Trials show benefits of AGD’s 318 radar detector at Microprocessor Optimized Vehicle Actuation sites


Deployed on over 3,000 sites across the UK, Microprocessor Optimized Vehicle Actuation (MOVA) has provided a well-established strategy for traffic control at isolated junctions and small networks for nearly 30 years. A new control method has now been trialled that does away with the usual induction loops.

Introduced by the UK’s Transport Research Laboratory (TRL) in the 1980s, MOVA boasts advanced capability, and is able to cater for the control of a full range of traffic conditions through its sophisticated algorithm that works hand-in-hand with vehicle detection technology. Its main selling point lies in its intelligent ability to switch operation when a junction becomes too congested, using the data from vehicle detection technology on traffic approaches to maximize capacity. This advanced use of data and change in operation can be replicated across a wide range of isolated junctions.

Ultimately, the capability of MOVA is reliant on its analysis of traffic demands approaching the given junction, at which point it optimizes signal timings in order to minimize overall delay. Ensuring the detection technology is configured and working optimally is essential to how effective MOVA can be in improving the efficiency of traffic flow. In recent months, AGD Systems has been trialing its ‘318’ radar detector with the company’s in-built proprietary technology at a number of MOVA sites across the UK. AGD’s technology allows reliable and precise input of occupancy data for both ‘In’ and ‘X’ detection points up to 492ft (150m) from the stop line. AGD’s ‘318’ radar unit offers advanced vehicle detection that, through trials, has been proven to provide accurate, critical event data for supporting the MOVA algorithm and increasing traffic flow.

Additional benefits of the AGD 318 at MOVA controlled junctions include: quick and easy setup from a drag-and-drop touchscreen-compatible graphical user interface (GUI); capital cost savings over other detection technology and their associated infrastructure; and vast maintenance savings.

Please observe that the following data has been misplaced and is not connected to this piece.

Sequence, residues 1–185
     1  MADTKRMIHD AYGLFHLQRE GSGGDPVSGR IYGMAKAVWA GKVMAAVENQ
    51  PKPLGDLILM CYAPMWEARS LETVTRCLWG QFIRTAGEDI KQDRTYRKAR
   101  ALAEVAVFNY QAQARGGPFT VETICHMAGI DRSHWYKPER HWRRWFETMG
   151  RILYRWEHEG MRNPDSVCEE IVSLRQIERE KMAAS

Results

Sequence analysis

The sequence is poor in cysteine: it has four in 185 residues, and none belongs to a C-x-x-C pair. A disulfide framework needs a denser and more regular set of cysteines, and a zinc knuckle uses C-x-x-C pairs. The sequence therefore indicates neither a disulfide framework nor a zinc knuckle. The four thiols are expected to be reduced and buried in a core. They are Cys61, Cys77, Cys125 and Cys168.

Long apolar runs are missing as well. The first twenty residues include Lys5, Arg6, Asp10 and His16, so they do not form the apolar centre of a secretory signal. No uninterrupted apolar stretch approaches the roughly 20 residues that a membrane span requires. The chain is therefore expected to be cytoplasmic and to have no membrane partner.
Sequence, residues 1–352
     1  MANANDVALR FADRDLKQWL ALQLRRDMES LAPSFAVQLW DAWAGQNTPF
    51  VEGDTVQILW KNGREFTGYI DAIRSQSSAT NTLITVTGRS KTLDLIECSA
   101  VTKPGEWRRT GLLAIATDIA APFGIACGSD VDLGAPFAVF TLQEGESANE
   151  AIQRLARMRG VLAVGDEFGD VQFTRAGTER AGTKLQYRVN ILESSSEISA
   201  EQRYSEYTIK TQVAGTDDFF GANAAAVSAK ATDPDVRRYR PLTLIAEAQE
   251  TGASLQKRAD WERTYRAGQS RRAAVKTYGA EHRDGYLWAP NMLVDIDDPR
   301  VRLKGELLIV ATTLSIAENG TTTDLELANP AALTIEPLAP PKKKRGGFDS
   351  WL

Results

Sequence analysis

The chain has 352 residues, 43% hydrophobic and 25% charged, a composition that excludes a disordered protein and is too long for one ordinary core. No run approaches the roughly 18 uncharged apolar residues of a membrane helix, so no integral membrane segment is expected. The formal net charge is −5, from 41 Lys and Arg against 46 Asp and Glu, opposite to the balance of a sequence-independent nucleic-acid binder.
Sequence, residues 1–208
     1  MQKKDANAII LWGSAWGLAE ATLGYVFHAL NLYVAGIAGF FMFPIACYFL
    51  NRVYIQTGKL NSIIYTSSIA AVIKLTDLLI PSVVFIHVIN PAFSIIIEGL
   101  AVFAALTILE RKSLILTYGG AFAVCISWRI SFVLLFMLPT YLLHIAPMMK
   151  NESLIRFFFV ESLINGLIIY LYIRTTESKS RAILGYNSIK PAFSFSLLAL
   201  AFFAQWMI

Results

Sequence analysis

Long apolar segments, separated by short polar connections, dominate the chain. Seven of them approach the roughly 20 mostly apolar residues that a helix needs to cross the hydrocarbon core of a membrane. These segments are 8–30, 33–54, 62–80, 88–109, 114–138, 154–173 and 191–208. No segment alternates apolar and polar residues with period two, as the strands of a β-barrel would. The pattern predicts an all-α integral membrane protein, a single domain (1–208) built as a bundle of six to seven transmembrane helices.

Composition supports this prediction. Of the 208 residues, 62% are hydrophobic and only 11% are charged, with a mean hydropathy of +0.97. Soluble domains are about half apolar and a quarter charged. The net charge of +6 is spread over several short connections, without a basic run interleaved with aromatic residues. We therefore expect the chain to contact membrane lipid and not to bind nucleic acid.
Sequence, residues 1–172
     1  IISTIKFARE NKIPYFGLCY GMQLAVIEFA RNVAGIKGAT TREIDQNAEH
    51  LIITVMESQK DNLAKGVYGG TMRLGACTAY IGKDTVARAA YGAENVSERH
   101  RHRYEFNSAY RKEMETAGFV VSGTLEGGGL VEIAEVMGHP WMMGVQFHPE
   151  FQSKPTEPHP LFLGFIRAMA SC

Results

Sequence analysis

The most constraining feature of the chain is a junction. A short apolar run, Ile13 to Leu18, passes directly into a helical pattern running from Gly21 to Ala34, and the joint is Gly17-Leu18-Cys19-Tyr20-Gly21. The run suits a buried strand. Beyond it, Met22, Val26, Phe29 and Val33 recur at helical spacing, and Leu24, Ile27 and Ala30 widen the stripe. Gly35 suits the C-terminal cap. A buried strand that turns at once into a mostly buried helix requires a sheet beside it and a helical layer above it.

Compared with conventional inductive loop detection, the 318 offers a real non-intrusive and cost-effective solution that eliminates the need to cut into the road surface, creating potential risks to wear from traffic and the weather.

Installers also benefit from not requiring expensive ducting activity away from the stop line to the ‘In’ and ‘X’ detection points, an activity that has traditionally prevented some sites benefiting from MOVA.

Dan Preece, executive engineer at Integrated Traffic Services, who has been involved in the trials, said, “The dual output version of the 318 radar is going to make a big difference to the amount of schemes that are able to be converted to MOVA operation, particularly in the urban/semi urban environment, where traditionally cost, services and available ducting has made the upgrade prohibitively expensive or simply not practical.”

Ian Hind, commercial director at AGD, added, “We are very happy with the feedback from the industry on the ‘318’ in support of these recent MOVA deployments. The ‘318’ is not what customers would identify with traditional radar, and as such is not subject to associated constraints.”

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Tom has edited Traffic Technology International (TTi) magazine and its Traffic Technology Today website since May 2014. During his time at the title, he has interviewed some of the top transportation chiefs at public agencies around the world as well as CEOs of leading multinationals and ground-breaking start-ups. Tom's earlier career saw him working on some the UK's leading consumer magazine titles. He has a law degree from the London School of Economics (LSE).